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4-2017

Global hop market

A local alternative to mass beer suggested by independent brewers has been successful and is now altering the global market. Beer is becoming more diversified, so transnational companies have to accept the new game rules and to switch focus to young and fast growing markets. All these processes increased the demand for aroma and bitter hop as well as their acreage expansion on two continents. However now there appeared a downward trend of alcohol consumption in the world, so even special sorts can soon turn to be sufficient. In this connection the dynamic American hop market is already facing some problems. EU hop producers have become more cautious, they are not racing to exceed the demand and look forward with more confidence, judging by the contract terms. 

Hop Market in Russia

Germany still dominates the Russian market, yet over the recent two years one has been able observe a continuous success of Czech hop suppliers. Their expansion and growing popularity of hops from the United States became the drivers of supplies growth in 2016 despite the preceding modest harvest crop in the EU, as well as the factor of relative stability in 2017. In this connection, in 2017, the ratio of the varieties continued to shift towards the aroma ones, and the supplies of Magnum hop and other alpha varieties were reduced. However, the import of bitter hop pellets is partially replaced by extracts, especially from the major beer manufacturers. Total volumes of alpha acid supplies, according to our estimation, decreased by approximately 5% and returned to the level of 2015. Barth Haas Group continues dominating the hop products market; HVG also increased its weight. At the same time, Morris Hanbury significantly reduced the supplies in 2017.

US cider market set to ‘explode’ – C&C Group

C&C Group says it expects the US cider market to explode, but aims to build a strong multi-beverage business group rather than just a ‘pure play’ cider business.

Shore Capital analyst Phil Carroll, in a note on a C&C investor day held in the UK, wrote that CEO Stephen Glancey and finance director Kenny Neison had spent four years stabilizing the plc. (key cider brands Bulmers, Magners) and were now moving on to the ‘transform’ phase.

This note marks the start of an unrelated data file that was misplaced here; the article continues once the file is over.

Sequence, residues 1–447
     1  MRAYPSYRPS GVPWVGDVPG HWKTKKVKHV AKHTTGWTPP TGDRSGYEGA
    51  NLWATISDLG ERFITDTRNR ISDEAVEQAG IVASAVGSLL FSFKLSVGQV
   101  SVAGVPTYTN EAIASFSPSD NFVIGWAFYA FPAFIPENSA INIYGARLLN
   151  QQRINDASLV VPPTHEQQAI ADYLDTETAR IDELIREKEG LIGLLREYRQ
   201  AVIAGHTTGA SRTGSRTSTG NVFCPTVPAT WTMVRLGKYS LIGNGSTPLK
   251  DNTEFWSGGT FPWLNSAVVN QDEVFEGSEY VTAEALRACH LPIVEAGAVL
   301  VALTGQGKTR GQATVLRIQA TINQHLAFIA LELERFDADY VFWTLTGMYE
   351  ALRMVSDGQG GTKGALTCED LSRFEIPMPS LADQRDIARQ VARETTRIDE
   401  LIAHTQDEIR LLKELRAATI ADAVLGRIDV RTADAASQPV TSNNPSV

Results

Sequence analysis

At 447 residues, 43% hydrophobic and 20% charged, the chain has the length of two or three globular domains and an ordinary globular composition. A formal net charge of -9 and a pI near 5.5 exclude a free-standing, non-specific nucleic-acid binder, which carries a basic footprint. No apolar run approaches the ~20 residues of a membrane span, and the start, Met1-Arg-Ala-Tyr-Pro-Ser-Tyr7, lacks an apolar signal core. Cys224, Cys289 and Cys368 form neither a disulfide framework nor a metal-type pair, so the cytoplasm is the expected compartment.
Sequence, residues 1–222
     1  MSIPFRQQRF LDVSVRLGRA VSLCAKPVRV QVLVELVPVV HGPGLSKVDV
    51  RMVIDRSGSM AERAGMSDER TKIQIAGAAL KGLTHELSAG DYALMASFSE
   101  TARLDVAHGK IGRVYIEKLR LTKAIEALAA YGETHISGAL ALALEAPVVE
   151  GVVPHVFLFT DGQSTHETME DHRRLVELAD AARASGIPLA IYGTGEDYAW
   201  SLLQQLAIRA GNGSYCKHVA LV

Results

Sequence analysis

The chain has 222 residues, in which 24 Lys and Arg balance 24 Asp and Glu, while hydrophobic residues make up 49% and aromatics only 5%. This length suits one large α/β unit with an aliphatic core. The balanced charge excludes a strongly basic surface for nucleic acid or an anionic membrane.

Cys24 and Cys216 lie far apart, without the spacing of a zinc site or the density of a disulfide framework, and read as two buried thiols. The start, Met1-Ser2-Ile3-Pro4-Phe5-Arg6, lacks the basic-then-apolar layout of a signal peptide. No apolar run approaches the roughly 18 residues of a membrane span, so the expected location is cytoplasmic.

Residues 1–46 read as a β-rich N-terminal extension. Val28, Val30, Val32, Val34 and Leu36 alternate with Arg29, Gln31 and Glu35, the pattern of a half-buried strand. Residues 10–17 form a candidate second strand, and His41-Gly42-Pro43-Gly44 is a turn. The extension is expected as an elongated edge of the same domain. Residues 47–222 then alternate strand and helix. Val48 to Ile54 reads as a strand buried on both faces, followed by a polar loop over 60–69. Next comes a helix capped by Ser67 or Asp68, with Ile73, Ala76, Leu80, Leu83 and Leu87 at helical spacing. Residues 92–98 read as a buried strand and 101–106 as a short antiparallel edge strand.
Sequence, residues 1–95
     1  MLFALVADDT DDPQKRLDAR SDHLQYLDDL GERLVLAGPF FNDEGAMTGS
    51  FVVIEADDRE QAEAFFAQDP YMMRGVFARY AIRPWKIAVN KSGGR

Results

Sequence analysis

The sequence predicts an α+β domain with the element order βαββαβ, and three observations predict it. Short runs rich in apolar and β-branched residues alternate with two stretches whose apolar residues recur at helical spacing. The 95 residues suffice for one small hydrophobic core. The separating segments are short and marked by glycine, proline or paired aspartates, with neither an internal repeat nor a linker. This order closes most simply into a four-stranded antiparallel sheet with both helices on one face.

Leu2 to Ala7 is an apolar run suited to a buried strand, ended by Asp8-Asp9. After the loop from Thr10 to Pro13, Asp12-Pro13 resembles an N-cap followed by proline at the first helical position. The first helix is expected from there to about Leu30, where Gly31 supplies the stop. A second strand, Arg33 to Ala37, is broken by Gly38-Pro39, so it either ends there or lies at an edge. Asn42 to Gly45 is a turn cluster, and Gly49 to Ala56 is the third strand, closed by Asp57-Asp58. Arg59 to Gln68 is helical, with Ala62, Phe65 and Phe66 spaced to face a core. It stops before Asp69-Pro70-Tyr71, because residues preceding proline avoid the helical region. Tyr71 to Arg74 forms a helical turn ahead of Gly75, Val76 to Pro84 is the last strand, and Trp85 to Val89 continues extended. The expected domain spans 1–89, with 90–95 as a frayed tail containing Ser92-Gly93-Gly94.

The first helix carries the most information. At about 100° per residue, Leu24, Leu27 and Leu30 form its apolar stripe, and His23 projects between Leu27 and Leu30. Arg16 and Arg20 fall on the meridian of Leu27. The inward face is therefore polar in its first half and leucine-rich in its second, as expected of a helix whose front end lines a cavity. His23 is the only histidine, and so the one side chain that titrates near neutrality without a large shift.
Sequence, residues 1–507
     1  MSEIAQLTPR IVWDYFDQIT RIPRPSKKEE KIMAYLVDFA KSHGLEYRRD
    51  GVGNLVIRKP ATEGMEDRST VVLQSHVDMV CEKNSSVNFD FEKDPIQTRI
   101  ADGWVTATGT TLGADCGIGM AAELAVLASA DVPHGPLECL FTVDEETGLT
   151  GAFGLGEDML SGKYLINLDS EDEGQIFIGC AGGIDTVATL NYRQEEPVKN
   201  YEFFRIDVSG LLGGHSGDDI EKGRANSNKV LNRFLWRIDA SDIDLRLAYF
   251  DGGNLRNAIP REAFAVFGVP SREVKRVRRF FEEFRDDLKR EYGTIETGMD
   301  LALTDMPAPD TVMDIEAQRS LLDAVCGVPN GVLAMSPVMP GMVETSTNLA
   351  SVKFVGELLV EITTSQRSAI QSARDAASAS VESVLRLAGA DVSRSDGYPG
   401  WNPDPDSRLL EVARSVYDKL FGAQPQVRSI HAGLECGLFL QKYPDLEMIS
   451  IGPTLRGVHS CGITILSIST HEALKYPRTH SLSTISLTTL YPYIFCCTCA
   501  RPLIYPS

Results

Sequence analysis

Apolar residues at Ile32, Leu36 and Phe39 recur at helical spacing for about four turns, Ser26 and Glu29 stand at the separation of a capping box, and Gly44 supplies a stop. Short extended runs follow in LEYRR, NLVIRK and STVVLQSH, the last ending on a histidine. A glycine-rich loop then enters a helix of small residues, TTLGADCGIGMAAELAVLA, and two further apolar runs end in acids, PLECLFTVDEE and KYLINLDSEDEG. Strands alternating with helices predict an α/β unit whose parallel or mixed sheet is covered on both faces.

Praising C&C’s “high quality” management team, Carroll calculated that the company had further acquisitive firepower – namely a war chest of over €100m ($130m) based on a balance sheet leverage level (debt ratio relative to total assets) of 1.5x that has the potential to rise to 2.5x.

Consolidation…then transformation

“Arguably, there is already clear evidence of the commencement of this stage with the recent acquisitions (subject to competition authorities’ approval) of the [craft-based] Vermont Hard Cider Company (VHCC) and the Gleeson Group,” Carroll wrote.

Shore Capital said that C&C had a significant international opportunity, especially for its cider business, but added that Tennent’s beer also had strong potential as an export brand, and was already sold abroad in Italy, Spain, Ukraine, Canada and the US.

Specifically in the US, C&C management said that its US acquisitions provided access to a market that was about to ‘explode’, a trend the Shore Capital analyst agreed with.

“This looks to be confirmed, in our view, by the recent market data showing cider volumes up 57% in the past six months and more recently up 81% in the past month,” Carroll said.

Cannibalization ‘should’ be limited

Although cider only account for around 0.3% of the long alcoholic drinks market in the US, growth to 1% in the next five years would imply category CAGR of 36%, while a 3% share would imply 78%.

“Cider falls into the craft beer category where it is currently circa. 7% of the total US beer market. Data shows that in areas such as Seattle and Washington, craft beer accounts for circa. 20% of the market, so again, the potential for category growth looks very promising,” Carroll said.

“Furthermore, we also note that, generally, imported cider and domestic cider do not compete for the same customer, which should limit any cannibalization impact on C&C’s total US sales.”

C&C could also use VHCC to distribute Magners in the States, the analyst said, noting that the underlying valuation of VHCC did not account for the potential for filling the gap left by the end of a deal (in mid-August) whereby the firm distributed Heineken USA cider brand Strongbow.

“Profits from the international business are expected by C&C’s management to account for circa. 20% of group profits by the year end to February 2016,” the analysts said.

4 Dec. 2012

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